The Day I Thought I Would Die The day I thought I would die the woman who accompanied me to the hospital said, she needs cooking oil for, “tomorrow,” I used up a little of my valued time, to contemplate on, “tomorrow.” Coffee houses, supermarkets and theatres drove past me, coffee, bread and rice were found unseasoned . . . And they went on talking of “coffees” while I rode in a vehicle called, “now.” All things, other than me were yesterdays and tomorrows. ** Talcum Powder The first time I powdered my face, I imitated the manner my father did, tender strokes on the brow, cheeks and chin, and a mellow even rub, from that time on, I thought of him, twice a day, at no unusual hours, later on, I gave up using talcum powder. The first time I oiled my face, I imitated him over again, beginning with lips, then ears and eventually hair, later on, I gave up using hair oil. Then I began, remembering him at needful hours as I remembered God. ** Falling in Love When you fall in love you give in piecemeal, in unhurried steps. . . the manner a child fancy a stranger, the smiles, the primary moves, and the final acceptance of the stranger . . . you take in this stranger like medicine, unwillingly in steps, to smell rejuvenation. In the end like a child, who relented to a stranger, to squirm out of the hold, you draw yourself out, tearing up your being, here and there, bits of you carried away in the attempt, your injured body evades suture, rather it stays, how you fell like a child to love. Love is a stranger who knocks on your doors at strange hours. ** My Grandfather The only time I recall my grandfather was on the passing of his wife, my grandmom. He was in his room, on the other end from where she was kept, people regarded her and went to him, to make sense of their comprehension, they looked up for substance that were absent in the dead. People presumed links between the dead and the living other, I can bring to mind the manner he returned their looks, I was merely five, Today, I attempt with great effort to read his eyes. And this is the only time, I recall my grandfather. ** Church Going The one thing unlikable while going to church as a child was my mother’s transcendence, she turned some other, tears waved down her cheeks, when looking at graven images of Mary and Joseph, the little pebbles descending the river-eyes, and I was so embarrassed that I not ever prayed rather tried constantly to screen her from external glances. While, at some other times, she smiled, looking at Mary and child Jesus, I sensed being burnt, and believed people would foretell craziness race in the family and once again I tried to screen her with my torso, to that I pretty prospered, while she drove me to one side oblivious of my not so harmless design. Even today, distractions, none the less run while at church, looking for mothers and daughters and in what way the former conducted and how the latter responded.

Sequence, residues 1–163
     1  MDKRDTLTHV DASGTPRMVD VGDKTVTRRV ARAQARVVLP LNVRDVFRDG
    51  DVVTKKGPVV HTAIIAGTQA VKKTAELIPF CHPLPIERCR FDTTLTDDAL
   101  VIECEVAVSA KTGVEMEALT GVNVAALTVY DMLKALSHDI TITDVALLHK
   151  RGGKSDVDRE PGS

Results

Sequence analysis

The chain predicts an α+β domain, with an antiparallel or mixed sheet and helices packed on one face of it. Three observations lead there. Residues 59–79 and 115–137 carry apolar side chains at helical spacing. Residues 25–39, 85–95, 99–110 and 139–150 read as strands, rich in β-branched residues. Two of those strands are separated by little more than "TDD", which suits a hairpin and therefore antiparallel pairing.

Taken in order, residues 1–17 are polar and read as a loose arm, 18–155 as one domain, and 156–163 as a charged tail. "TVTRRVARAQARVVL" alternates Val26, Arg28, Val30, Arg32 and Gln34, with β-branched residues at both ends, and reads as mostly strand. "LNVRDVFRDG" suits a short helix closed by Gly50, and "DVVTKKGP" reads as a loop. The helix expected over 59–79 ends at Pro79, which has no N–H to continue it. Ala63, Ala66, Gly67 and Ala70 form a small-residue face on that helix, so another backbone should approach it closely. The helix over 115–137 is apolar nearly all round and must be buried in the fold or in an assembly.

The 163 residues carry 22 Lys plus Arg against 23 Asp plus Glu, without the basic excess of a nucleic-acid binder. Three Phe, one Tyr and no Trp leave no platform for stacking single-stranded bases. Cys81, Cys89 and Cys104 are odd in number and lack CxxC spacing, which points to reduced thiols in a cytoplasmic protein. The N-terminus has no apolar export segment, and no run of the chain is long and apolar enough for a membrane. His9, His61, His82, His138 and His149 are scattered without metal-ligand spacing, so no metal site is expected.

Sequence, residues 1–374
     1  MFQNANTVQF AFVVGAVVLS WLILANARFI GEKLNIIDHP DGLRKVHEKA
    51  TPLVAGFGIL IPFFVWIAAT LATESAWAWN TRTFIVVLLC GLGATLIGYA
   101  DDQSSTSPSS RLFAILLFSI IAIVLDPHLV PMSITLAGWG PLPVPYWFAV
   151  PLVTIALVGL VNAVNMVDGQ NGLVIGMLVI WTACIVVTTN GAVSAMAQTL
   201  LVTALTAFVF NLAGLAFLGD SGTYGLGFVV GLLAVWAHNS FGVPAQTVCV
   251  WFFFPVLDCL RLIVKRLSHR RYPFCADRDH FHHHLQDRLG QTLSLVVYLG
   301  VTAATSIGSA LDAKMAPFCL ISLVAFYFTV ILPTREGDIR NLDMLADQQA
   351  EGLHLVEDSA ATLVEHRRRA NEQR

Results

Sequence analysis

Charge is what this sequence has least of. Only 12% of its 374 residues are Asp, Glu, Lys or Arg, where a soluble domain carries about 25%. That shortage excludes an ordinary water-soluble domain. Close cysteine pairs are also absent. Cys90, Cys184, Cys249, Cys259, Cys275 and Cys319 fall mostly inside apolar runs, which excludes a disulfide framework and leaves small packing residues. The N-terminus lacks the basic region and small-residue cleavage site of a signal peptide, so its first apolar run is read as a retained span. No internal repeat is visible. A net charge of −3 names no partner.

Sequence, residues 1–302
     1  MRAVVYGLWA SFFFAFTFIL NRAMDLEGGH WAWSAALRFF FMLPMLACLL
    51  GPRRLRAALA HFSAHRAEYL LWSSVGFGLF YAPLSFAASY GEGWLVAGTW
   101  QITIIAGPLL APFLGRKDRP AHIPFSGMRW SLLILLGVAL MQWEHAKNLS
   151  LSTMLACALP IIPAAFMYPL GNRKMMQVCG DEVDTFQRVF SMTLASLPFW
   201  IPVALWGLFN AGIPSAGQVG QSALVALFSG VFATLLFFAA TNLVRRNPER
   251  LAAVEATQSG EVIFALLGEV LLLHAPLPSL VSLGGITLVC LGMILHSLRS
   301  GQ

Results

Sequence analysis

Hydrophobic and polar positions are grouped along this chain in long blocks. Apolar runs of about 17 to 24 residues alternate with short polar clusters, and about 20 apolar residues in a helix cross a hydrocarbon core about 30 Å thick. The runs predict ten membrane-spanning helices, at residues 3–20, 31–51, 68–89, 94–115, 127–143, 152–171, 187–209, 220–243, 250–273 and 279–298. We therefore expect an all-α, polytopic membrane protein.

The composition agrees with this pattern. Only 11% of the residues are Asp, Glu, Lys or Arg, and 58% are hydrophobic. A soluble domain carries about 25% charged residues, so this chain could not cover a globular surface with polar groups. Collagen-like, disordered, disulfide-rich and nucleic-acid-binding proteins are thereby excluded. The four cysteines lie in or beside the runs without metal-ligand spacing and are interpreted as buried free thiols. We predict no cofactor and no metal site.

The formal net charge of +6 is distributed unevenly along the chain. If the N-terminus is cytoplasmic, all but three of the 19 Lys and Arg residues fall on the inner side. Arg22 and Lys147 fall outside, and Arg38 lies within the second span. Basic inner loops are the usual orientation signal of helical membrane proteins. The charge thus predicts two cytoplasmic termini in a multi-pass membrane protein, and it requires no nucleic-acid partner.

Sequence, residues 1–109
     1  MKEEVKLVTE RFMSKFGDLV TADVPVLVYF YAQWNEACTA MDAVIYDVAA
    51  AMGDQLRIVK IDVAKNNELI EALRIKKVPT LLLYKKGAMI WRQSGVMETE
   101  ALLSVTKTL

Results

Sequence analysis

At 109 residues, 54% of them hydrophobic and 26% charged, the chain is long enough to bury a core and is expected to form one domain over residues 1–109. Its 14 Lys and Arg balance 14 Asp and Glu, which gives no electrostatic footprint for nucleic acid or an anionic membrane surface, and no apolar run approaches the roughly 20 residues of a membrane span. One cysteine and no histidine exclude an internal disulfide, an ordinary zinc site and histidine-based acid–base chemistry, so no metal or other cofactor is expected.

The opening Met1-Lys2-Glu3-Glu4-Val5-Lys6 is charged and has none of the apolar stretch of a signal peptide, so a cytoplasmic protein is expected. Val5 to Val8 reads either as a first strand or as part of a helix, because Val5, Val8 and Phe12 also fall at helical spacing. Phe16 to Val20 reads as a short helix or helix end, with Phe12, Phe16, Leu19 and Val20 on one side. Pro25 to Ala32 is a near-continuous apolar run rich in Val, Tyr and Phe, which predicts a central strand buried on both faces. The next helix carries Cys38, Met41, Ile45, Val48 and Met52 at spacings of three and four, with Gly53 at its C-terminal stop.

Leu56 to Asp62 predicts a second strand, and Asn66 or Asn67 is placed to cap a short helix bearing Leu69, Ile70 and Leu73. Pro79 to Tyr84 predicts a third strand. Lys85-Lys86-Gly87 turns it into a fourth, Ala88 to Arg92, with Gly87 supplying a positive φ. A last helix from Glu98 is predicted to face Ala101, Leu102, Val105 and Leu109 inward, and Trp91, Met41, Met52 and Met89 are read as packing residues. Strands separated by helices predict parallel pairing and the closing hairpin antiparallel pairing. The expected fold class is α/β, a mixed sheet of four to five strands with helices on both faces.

Mini Babu is working as Associate Professor of English with the Dept. of Collegiate Education, Govt. of Kerala and now working at BJM Govt. College, Chavara, Kollam. Her poems have featured in anthologies, journals and magazines. Her collections of poems are Kaleidoscope (2020), Shorelines (2021) and Memory Cells (2022). Her co-edited collection of poems is Meraki (2021) and Glass Bangles.